I recently returned from the Ukraine, where I found my maternal grandfather's native village. The trip brought to mind how many artists base their works on home, place and memory.
Shortly before my trip, I heard the magnificant St Louis Chamber Chorus perform a concert entitled, "Home Thoughts From Abroad" at Christ Church Cathedral. Philip Barnes, the artistic director and conductor, has been on a sabbatical in his native England. In reference to the program he writes, "While I have spent much of the year away from St. Louis, thoughts have frequently returned to the Chamber Chorus, its members and friends. Home is clearly a flexible concept, and one can feel a home in different places, surroundings and circumstances. Similarly, abroad can be interpreted on more than one level, from the purely topographical to the metaphorical, when we find ourselves adrift or isolated from that which is known, and perhaps comfortable.
An article called, "A Sense of Place: Three Artists" appeared on an internet site called Studio International. It begins by saying, "An artist's relationship with a particular place is a constant in art; Cezanne's paintings of Mont St. Victoire, which established a great precedent in modern art, are among the most significant. The concept of the artist as traveler and diarist also belongs to a long tradition." The article describes three artists in an exhibition as being linked by a relationship to place, but also by the way in which the place comes to represent a plethora of images alluding to memory and to their own perceptions and observations.
Bunny Burson, a renowned visual artist and her songwriting daughter, Clare recently made a journey to Germany where Bunny's grandparents lived, to Riga, Latvia where they fled, and then to Rumbula Forest, ten kilometers outside of Riga,where they were killed. They found historical records, newly discovered letters from them and as Bunny says, "They are no longer ghosts, but loving parents, brave and bold role models, and very human grandparents." Clare’s music and Bunny’s visual art give their departed family members life and legacy to fill the void.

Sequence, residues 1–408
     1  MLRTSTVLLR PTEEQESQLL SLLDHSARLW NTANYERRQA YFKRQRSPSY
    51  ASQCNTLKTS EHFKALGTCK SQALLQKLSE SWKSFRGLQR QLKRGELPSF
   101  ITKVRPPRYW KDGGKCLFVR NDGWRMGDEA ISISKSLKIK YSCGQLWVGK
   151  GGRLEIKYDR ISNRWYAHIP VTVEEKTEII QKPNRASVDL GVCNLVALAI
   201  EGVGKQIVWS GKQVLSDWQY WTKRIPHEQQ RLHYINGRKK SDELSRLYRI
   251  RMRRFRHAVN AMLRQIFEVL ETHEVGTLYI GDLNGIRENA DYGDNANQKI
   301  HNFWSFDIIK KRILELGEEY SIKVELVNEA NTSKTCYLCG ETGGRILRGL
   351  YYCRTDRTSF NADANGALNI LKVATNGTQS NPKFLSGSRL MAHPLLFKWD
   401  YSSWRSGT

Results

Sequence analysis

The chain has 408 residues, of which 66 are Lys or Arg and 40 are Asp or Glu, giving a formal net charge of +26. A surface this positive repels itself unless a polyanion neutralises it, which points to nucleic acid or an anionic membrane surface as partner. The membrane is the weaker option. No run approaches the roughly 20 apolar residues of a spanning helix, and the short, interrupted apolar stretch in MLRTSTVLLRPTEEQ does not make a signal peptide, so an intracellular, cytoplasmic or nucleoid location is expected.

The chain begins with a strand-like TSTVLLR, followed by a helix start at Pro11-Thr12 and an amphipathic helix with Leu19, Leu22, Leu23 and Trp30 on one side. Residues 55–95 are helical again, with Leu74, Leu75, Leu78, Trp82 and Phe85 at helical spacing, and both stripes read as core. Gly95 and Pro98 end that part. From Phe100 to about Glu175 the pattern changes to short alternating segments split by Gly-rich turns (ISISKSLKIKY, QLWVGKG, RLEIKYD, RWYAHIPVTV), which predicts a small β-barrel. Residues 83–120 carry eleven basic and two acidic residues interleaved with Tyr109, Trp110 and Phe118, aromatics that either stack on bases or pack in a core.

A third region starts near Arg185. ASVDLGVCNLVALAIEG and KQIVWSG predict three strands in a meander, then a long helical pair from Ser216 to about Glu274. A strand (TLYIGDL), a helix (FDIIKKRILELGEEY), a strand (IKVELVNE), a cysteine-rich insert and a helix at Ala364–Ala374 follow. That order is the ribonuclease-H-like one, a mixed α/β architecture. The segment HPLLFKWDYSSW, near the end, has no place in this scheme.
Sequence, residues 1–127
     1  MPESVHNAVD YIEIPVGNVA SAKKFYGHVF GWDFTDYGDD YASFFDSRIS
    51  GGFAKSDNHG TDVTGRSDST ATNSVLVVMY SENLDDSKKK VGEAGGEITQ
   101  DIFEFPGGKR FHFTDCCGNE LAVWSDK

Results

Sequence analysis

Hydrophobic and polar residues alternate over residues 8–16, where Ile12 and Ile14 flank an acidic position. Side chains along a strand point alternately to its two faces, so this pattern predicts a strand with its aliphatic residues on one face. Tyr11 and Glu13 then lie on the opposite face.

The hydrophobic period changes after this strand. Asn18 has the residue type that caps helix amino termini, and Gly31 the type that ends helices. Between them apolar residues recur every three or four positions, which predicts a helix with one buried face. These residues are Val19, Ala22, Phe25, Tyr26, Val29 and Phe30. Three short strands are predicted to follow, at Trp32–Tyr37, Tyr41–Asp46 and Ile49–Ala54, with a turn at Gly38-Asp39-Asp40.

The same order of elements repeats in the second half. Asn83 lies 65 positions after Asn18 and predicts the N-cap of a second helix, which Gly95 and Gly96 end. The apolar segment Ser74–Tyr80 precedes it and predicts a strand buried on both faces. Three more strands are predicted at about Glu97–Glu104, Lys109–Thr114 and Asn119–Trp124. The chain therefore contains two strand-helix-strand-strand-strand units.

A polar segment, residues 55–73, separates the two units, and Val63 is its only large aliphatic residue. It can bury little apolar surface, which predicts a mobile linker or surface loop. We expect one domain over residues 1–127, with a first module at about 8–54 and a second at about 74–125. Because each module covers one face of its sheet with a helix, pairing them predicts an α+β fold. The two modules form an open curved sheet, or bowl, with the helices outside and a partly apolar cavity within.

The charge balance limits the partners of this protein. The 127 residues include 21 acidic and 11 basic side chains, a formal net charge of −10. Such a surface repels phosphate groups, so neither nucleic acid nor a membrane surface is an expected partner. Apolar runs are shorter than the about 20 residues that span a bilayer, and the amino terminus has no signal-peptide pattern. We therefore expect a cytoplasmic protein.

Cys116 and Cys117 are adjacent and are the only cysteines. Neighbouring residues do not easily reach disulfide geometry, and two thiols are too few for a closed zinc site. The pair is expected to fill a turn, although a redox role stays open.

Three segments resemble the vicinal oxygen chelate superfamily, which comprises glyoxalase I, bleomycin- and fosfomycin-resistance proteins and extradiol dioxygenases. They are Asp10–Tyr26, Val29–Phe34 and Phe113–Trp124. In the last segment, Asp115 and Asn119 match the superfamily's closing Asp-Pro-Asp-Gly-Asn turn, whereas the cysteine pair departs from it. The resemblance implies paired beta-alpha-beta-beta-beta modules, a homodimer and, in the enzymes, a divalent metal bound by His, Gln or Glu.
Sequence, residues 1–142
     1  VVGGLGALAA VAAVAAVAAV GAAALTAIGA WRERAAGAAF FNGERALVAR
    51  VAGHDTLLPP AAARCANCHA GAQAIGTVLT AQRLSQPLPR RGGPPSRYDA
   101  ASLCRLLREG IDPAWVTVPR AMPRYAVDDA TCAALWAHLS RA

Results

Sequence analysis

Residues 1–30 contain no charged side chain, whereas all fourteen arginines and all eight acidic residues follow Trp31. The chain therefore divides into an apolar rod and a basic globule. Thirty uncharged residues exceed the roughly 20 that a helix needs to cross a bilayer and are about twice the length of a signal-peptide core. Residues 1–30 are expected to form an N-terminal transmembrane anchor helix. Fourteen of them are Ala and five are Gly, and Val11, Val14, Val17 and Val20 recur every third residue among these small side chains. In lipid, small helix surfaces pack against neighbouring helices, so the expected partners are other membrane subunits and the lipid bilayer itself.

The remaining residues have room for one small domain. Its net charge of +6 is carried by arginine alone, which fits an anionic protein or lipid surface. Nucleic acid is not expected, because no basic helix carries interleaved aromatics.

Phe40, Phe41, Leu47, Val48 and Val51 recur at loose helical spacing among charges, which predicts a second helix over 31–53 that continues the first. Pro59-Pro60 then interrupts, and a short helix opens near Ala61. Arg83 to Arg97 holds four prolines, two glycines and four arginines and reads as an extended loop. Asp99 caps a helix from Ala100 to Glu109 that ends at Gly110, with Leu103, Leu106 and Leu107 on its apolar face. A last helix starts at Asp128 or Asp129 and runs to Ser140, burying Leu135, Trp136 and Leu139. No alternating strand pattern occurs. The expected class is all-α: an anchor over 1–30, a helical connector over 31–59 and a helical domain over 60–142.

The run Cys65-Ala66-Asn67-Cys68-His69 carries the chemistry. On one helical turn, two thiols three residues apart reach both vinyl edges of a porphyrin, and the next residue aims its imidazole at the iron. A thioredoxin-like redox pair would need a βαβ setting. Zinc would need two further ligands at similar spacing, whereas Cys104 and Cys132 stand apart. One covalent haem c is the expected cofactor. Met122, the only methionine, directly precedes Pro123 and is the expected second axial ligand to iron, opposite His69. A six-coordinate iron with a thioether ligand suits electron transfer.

Another well known visual artist from St Louis, Carol Crouppen, now living in Colorado, says that her works are often about going home and there is a strong question as to what is true or false in her memory. She refers to her works as a touchstone, both personal and ancestral.
Home is where the heart is and sometimes it takes some searching of heart and soul to decide just where that is - here, there, and sometimes everywhere.
(The opinions expressed are not necessarily those of St. Louis Public Radio.)
Arts Aficionado Nancy Kranzberg has been involved in the arts community for some thirty years. She serves on numerous arts affiliated boards, including The St. Louis Art Museum, Laumeier Sculpture Park where she is the Co-Chair, The Sheldon Arts Foundation and the Sheldon Art Gallery Board, Jazz at the Bistro, The Missouri Mansion Preservation Inc., The Mid American Arts Alliance, and the Contemporary Art Museum St. Louis. Nancy was named Women of Achievement and was awarded the Distinguished Alumnae Award at Washington University Nancy is a docent at the St. Louis Art Museum and is an honorary docent at Laumeier Sculpture Park. At age 60 she became a Jazz singer. She performs with the Second Half which features Chancellor Tom George on the piano.